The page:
Facebook bans Louis Farrakhan, other ‘dangerous individuals’ cited for hate speech

Facebook bans Louis Farrakhan, other ‘dangerous individuals’ cited for hate speech
This combination of file photo shows minister Louis Farrakhan, the leader of the Nation of Islam, in Tehran, Iran, on November 8, 2018 (left), and conspiracy theorist Alex Jones in Washington on September 5, 2018. Facebook has banned Louis Farrakhan, Alex Jones and others from its platform and from Instagram saying they violated its ban against hate and violence. (AP Photo)

SAN FRANCISCO (AP) — After years of pressure to crack down on hate and bigotry, Facebook has banned Louis Farrakhan, Alex Jones and other extremists, saying they violated its ban on “dangerous individuals.”

The company also removed right-wing personalities Paul Nehlen, Milo Yiannopoulos, Paul Joseph Watson and Laura Loomer, along with Jones’ site, Infowars, which often posts conspiracy theories.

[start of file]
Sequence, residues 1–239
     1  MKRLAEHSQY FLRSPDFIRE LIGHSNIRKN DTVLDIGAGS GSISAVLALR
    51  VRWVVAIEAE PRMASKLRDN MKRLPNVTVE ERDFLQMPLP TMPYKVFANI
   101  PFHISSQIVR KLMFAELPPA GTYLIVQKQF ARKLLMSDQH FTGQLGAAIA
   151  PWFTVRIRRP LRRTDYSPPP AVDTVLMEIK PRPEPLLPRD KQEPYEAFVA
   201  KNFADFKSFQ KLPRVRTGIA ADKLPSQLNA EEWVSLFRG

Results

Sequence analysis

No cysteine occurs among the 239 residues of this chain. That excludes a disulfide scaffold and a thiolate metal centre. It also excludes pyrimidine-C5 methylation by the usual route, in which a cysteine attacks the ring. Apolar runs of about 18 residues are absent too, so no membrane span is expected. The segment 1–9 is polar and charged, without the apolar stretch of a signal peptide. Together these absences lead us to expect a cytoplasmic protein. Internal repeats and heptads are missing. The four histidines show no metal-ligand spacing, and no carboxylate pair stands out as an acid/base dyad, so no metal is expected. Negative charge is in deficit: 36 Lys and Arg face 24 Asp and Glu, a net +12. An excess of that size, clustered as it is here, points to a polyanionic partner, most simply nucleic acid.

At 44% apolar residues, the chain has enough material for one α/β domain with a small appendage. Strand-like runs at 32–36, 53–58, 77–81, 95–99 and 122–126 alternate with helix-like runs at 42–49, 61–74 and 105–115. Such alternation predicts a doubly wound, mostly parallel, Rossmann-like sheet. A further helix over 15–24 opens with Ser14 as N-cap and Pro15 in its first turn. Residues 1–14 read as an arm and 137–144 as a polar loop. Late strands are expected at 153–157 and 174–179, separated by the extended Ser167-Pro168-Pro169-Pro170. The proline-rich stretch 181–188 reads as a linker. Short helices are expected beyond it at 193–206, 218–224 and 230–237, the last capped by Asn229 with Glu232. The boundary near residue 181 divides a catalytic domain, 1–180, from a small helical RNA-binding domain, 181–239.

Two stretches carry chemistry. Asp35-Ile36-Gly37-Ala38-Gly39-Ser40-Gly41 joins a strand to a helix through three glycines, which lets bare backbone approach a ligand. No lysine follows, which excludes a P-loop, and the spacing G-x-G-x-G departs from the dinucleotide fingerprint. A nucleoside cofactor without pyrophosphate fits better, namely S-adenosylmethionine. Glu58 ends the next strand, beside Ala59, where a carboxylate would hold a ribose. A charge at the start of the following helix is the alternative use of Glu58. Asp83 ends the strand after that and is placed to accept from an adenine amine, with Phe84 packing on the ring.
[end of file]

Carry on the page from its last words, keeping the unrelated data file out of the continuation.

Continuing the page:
The latest bans apply to both Facebook’s main service and to Instagram and extend to fan pages and other related accounts.

Decried as censorship by several of those who got the ax, the move signals a renewed effort by the social media giant to remove people and groups promoting objectionable material such as hate, racism and anti-Semitism.

Removing some of the best-known figures of the U.S. political extreme takes away an important virtual megaphone that Facebook has provided the likes of Jones, Yiannopoulos and others over the years.

But it does not address what might be done with lesser known figures and those who stay on the margins of what Facebook’s policies allow.

Critics praised the move but said there is more to be done on both Facebook and Instagram.

“We know that there are still white supremacists and other extremist figures who are actively using both platforms to spread their hatred and bigotry,” said Keegan Hankes, senior research analyst for the Southern Poverty Law Center, which tracks hate groups in the U.S.

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